While the registration of South Africans was almost non-existent, there is very much archival evidence of individual German citizens. Almost all Germans in the territory, who had been automatically naturalized in the 1920s, got their naturalization revoked in World War II and were under police surveillance (creating "Suspect" or "Nazi suspect" files in the SPO and SPW record groups; also a few South Africans got under surveillance, such as known Ossewa Brandwag members), correspondence censorship, or were interned. All the relevant files are in the National Archives, and fully computer-indexed (FILES and COURT databases).
Also, in 1939 "Aliens registration" cards were introduced, where Germans and other "alien" persons had to register their domicile and place of work, with passport photo. Such cards are present at the National Archives for between 1939-1957, and fully computer-indexed.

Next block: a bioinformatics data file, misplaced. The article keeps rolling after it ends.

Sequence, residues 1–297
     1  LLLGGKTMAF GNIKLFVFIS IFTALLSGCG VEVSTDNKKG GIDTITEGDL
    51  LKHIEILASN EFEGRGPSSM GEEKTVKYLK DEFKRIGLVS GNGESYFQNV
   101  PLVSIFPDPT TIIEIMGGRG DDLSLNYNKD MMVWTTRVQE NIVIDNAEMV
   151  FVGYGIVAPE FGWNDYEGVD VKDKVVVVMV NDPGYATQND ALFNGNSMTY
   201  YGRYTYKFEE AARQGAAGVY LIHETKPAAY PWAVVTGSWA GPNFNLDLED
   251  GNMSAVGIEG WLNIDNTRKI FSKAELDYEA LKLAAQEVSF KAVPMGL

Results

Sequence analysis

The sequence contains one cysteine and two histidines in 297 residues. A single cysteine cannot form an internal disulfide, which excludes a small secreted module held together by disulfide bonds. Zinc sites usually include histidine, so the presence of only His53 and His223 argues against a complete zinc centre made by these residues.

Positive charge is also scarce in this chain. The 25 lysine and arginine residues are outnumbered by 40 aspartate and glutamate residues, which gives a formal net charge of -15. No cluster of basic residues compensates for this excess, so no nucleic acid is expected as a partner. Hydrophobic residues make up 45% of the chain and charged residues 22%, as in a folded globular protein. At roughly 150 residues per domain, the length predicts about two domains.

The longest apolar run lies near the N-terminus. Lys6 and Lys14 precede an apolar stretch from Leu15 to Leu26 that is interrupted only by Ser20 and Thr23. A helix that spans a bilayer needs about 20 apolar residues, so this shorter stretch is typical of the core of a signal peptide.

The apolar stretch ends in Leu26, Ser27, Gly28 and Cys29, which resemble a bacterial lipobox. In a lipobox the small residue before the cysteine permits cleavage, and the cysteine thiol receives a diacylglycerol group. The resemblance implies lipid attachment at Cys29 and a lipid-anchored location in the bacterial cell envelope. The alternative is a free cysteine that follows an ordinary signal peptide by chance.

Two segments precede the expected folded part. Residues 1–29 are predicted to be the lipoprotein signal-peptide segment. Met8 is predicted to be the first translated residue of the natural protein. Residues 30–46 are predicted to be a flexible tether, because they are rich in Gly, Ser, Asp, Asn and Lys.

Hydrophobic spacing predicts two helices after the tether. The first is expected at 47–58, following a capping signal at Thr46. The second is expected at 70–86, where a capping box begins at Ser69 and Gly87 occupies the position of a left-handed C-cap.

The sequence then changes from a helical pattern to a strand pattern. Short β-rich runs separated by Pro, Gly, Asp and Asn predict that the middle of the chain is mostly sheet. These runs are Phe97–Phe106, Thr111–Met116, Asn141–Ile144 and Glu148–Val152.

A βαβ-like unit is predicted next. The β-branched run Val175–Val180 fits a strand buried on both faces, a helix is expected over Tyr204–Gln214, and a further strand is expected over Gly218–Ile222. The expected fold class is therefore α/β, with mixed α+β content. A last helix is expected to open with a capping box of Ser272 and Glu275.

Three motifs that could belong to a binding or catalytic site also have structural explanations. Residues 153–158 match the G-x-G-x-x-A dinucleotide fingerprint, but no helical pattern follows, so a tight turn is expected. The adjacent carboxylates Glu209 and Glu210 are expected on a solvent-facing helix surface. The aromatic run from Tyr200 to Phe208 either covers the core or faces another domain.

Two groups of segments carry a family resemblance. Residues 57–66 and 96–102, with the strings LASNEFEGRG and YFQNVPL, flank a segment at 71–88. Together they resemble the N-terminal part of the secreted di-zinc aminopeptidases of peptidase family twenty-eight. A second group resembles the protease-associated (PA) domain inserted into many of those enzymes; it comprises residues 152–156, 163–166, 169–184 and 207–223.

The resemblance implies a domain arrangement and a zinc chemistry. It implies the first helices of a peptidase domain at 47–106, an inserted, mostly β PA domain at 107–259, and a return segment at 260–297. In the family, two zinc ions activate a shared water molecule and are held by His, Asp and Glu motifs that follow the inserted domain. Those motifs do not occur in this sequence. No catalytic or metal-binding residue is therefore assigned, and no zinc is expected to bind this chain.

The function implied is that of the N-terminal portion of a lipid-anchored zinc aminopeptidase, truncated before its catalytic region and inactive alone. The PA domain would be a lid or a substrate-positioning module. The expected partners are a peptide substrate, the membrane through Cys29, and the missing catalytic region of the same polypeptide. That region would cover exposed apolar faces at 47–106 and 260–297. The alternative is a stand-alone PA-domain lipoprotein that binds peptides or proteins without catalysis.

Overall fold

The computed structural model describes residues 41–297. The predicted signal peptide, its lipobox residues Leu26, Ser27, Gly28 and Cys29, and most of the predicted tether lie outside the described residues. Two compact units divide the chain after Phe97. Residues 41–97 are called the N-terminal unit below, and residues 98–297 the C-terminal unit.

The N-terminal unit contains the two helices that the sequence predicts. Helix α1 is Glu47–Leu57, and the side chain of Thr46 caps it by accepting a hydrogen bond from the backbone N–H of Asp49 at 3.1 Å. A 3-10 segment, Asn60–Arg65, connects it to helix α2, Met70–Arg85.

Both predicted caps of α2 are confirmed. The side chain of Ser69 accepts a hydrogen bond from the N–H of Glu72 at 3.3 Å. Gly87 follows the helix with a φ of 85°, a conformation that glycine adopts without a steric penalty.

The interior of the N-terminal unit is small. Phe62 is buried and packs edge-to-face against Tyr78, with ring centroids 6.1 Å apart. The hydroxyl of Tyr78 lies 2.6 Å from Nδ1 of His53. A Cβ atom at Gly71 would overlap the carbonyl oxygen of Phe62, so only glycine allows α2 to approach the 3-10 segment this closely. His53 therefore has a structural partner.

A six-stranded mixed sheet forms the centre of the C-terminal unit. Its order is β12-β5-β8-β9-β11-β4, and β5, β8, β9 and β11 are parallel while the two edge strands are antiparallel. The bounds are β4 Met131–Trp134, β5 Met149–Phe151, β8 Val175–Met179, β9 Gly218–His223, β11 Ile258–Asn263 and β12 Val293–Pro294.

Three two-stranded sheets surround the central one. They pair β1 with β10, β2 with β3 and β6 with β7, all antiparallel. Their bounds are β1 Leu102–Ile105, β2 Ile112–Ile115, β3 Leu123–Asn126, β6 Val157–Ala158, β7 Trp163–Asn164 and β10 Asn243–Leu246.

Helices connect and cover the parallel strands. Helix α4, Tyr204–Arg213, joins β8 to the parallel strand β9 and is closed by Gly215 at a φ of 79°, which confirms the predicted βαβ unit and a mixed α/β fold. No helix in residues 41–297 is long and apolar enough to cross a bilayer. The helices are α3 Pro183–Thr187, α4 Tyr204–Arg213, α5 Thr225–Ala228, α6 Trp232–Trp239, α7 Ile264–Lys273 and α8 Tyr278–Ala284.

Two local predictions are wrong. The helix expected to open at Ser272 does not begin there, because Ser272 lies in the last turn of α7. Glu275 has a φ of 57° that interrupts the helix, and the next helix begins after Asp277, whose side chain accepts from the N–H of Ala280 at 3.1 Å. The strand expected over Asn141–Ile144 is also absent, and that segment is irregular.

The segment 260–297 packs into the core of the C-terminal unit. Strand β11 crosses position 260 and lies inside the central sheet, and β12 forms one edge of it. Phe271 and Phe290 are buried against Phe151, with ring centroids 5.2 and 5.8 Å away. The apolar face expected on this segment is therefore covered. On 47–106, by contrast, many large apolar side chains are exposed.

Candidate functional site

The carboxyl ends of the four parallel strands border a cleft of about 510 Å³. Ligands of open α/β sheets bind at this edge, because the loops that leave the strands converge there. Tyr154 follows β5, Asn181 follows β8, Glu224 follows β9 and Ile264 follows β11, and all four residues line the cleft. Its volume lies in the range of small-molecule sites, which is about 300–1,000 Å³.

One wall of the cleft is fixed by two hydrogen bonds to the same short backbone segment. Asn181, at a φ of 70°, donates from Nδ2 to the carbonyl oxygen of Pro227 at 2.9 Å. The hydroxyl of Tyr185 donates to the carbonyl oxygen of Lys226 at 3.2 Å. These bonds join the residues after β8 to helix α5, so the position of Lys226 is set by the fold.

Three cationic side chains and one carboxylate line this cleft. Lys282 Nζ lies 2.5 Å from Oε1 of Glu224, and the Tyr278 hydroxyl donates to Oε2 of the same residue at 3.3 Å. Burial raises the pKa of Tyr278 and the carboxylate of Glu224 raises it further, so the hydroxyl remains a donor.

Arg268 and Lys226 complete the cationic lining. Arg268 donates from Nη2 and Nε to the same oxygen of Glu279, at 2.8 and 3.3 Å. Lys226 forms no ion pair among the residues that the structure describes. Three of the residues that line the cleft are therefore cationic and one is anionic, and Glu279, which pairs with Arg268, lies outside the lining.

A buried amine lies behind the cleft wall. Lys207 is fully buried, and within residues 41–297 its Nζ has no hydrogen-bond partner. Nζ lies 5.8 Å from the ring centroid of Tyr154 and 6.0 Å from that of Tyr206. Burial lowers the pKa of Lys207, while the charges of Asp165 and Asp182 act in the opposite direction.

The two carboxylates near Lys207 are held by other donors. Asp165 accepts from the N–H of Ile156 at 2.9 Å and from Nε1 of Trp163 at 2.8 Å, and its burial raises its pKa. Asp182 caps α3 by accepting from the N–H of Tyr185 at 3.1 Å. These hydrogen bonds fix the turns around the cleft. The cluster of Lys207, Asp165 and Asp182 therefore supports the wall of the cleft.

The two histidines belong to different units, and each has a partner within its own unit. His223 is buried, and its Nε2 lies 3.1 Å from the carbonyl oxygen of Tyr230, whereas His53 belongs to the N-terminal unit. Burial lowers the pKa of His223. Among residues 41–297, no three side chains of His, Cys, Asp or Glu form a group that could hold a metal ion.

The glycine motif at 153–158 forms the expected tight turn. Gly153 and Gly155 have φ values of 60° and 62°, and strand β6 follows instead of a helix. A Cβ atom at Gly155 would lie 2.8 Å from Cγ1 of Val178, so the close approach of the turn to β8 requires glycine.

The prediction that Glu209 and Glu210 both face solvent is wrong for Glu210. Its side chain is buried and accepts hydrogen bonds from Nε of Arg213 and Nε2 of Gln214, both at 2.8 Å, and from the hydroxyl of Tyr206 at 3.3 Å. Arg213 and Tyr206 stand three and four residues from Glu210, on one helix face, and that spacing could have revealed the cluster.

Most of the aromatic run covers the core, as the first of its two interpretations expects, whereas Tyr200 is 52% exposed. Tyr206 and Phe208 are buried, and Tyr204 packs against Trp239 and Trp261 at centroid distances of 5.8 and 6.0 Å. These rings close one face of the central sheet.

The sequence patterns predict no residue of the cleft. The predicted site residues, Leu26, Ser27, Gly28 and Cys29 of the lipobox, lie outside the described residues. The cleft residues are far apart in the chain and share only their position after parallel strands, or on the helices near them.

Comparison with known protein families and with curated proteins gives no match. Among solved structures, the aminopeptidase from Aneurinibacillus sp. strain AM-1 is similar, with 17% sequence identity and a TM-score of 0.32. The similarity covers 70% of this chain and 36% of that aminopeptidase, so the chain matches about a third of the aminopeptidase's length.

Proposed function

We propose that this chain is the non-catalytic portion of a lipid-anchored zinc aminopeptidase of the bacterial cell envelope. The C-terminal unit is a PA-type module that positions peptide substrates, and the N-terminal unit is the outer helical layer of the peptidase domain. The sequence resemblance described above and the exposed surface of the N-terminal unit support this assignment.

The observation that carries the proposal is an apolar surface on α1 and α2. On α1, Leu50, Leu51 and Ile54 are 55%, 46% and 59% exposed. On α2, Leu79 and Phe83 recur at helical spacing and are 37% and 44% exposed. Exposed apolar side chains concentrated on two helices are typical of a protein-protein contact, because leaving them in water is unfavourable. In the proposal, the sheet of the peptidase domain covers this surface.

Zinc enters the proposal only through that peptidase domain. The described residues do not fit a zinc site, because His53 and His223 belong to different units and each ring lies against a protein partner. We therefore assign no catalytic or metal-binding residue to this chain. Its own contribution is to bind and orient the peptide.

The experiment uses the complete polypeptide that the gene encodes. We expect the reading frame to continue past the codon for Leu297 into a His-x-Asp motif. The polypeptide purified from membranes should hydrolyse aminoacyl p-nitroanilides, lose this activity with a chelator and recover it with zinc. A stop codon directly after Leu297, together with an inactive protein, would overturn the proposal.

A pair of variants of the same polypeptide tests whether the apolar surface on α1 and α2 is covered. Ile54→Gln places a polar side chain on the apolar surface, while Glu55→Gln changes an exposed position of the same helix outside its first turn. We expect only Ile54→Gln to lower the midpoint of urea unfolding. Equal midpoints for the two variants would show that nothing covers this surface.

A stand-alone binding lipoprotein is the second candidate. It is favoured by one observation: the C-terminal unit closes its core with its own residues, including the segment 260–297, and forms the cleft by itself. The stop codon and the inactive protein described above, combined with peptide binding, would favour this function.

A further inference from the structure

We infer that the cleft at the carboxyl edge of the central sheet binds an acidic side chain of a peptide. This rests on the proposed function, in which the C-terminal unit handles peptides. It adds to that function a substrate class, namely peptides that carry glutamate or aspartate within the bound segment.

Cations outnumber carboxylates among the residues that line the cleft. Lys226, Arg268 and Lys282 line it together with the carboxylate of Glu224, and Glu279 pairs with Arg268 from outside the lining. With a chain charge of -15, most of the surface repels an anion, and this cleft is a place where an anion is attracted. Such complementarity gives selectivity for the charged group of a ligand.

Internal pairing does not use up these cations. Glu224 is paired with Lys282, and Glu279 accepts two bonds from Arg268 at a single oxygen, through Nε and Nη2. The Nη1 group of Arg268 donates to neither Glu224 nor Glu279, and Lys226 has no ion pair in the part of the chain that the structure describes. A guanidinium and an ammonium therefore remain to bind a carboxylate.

All registers from the parishes of the NG Kerk have been centralized and are stored at the National Archives, but access is through the NG Kerk administrative office in Windhoek. They have also been digitized by Family Search, but I am not informed how far the lengthy process of indexing them has proceeded.
The Windhoek registers of the German Lutheran Church (DELK) are at the DELK Church office in Fidel Castro Street, while the registers of the various parishes around the country are still maintained by those parishes. A photocopy of the Otiiwarongo DELK register is at the National Archives. Church registers of the oldest mission church (Rhenish Mission), today ELCRN, are also mostly with the parishes, and some of the earliest got destroyed in the various wars. A photocopy of the Rehoboth register is at the National Archives.
Church registers of the Finnish Mission - today ELCIN in Northern Namibia have been microfilmed, a microfilm copy is at the National Archives (currently inaccessible because the microfilm reader is out of service - purchase of a new reader is intended).